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“Wellbee says” handwashing poster

Contributed by Nick Sherman on Mar 20th, 2020. Artwork published in .
    “Wellbee says” handwashing poster
    Source: https://phil.cdc.gov CDC. License: Public Domain.

    From the CDC’s Public Image Library:

    This 1964 poster featured what at that time, was Communicable Disease Center’s (CDC) national symbol of public health, the Wellbee, who was reminding the public to “be well, be clean, WASH YOUR HANDS”. CDC used Wellbee in a comprehensive marketing campaign that included newspapers, posters, leaflets, radio and television, as well as personal appearances at public health events. […] This artifact can be viewed, by visiting the Centers for Disease Control and Prevention (CDC) David J. Sencer CDC Museum, located in Atlanta, Georgia.

    The “Wellbee says” type is either Filmotype April or something extremely similar. The typeface for “WASH YOUR HANDS” is a casual flared sans similar to Westerveldt – perhaps something also from Filmotype. The smaller type is a Futura-like substance, though it’s hard to identify an exact match from the available image.

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    1 Comment on ““Wellbee says” handwashing poster”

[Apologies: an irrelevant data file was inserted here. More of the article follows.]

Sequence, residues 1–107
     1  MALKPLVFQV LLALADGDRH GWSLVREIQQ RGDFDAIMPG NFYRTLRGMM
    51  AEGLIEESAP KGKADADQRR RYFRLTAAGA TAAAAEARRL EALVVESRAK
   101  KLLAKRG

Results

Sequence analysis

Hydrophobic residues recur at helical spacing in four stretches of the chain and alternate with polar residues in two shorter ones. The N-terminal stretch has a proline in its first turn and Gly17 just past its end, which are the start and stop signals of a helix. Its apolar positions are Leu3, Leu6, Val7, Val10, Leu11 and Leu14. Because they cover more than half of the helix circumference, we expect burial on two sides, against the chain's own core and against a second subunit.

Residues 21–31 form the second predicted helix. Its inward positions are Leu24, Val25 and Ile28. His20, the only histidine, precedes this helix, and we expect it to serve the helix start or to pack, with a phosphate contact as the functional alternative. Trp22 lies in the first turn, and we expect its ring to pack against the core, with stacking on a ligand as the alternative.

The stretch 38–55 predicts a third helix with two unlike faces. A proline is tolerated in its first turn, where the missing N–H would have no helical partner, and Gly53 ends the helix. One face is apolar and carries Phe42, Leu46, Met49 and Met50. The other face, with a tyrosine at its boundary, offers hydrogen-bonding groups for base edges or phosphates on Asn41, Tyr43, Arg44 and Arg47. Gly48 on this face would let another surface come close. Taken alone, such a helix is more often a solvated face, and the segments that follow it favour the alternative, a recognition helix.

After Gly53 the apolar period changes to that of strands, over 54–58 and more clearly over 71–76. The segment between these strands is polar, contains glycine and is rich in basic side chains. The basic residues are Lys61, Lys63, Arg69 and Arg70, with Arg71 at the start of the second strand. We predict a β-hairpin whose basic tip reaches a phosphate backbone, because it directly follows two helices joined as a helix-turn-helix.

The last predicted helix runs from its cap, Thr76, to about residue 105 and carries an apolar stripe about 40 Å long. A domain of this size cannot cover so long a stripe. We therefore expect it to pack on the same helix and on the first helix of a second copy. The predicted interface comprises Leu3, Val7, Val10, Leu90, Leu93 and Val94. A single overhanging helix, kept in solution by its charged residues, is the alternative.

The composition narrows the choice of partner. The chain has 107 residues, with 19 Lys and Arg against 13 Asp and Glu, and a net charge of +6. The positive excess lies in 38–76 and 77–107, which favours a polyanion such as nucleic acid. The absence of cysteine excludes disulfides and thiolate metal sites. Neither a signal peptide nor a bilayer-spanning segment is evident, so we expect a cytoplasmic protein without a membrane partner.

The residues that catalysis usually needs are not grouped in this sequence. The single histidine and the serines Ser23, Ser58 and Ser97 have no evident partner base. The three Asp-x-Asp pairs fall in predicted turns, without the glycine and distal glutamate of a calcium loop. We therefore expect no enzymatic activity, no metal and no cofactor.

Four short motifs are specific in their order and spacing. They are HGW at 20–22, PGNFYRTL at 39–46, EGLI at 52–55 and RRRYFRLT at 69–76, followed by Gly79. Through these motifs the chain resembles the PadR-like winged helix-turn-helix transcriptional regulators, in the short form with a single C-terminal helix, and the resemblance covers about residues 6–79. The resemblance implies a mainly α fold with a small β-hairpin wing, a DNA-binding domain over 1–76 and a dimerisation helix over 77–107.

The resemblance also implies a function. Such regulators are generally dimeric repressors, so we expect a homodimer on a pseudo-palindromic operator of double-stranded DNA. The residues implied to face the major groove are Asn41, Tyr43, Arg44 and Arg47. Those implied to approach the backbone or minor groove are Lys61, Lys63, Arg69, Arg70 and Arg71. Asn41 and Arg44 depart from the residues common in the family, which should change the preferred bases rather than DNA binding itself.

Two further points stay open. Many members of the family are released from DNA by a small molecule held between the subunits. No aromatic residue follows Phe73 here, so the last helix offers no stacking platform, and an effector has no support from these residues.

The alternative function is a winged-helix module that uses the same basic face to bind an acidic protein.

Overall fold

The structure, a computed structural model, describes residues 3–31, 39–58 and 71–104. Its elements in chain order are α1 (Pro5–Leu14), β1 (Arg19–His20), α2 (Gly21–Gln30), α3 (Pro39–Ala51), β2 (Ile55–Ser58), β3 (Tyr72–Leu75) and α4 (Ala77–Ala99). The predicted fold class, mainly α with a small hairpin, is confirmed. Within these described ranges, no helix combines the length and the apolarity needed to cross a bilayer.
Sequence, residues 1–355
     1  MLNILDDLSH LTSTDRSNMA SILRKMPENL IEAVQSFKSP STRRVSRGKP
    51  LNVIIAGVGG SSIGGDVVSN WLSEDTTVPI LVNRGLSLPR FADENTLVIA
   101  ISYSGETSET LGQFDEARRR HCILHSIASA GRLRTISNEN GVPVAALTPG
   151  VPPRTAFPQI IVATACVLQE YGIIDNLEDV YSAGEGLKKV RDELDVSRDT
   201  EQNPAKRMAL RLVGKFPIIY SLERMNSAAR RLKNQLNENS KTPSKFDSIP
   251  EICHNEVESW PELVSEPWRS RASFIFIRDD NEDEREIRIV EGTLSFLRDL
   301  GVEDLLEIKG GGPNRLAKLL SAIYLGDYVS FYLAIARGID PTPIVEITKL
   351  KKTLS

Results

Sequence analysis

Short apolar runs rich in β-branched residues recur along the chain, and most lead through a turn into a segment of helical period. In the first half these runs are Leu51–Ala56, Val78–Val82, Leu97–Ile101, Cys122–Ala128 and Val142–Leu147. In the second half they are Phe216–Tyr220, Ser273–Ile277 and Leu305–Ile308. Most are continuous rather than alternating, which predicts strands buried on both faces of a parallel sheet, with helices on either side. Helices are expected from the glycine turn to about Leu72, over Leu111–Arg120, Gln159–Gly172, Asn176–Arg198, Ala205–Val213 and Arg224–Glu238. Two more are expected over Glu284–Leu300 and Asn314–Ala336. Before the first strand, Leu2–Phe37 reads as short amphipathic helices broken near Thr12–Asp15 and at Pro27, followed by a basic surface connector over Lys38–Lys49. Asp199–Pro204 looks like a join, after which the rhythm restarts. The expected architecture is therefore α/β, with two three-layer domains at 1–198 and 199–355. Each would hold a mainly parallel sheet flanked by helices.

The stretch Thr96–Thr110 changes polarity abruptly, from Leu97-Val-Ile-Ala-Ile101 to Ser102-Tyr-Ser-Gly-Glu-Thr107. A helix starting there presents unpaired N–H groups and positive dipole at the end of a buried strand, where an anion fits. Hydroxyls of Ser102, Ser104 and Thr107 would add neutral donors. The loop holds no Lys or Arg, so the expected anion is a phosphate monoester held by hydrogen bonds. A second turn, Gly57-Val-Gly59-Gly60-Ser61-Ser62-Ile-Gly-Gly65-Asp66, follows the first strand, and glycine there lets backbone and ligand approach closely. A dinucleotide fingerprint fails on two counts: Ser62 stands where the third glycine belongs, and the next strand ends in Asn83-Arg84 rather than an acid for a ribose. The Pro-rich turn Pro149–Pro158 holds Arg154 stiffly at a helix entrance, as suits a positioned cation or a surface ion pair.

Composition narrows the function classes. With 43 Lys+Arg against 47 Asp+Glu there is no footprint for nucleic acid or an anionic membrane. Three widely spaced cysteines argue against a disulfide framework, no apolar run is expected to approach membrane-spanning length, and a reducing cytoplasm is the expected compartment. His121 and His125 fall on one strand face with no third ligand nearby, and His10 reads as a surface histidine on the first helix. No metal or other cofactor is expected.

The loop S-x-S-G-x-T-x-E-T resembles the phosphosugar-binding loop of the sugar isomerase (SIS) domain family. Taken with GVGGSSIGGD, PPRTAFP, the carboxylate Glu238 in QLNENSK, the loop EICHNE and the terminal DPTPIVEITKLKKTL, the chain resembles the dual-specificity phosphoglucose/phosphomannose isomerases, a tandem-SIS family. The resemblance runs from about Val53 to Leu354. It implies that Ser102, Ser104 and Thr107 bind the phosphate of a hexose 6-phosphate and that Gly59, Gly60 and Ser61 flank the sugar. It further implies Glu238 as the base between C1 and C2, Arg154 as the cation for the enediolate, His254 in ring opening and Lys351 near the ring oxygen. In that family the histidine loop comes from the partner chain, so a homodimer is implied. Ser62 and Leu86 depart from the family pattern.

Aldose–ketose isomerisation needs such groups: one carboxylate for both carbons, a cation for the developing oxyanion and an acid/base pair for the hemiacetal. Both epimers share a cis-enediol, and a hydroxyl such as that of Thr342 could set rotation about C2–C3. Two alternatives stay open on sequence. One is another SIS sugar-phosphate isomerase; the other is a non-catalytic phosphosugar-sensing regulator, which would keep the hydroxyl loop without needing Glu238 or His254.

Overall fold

1. Thanks for posting this, Nick!

      “Wellbee says” appears to be in Filmotype Brooklyn. This face is indeed similar to April, but overall rounder, see this visual comparison of two digital versions. Together with its lighter precursor Filmotype Alice and a bolder contemporary addition named Filmotype Candy, Brooklyn has been made available again by the digital reincarnation of Filmotype.

      The casual flared sans looks like Filmotype Madison. It’s shown together with the bolder Memphis and Moraine and the wider Miami, Niagra, and Malta in a 1970s Filmomaster catalog.

    2. The Futura-like small font distinctly resembles Twentieth Century to my eyes—there’s something about the a, t, and w that I can’t put a finger on.

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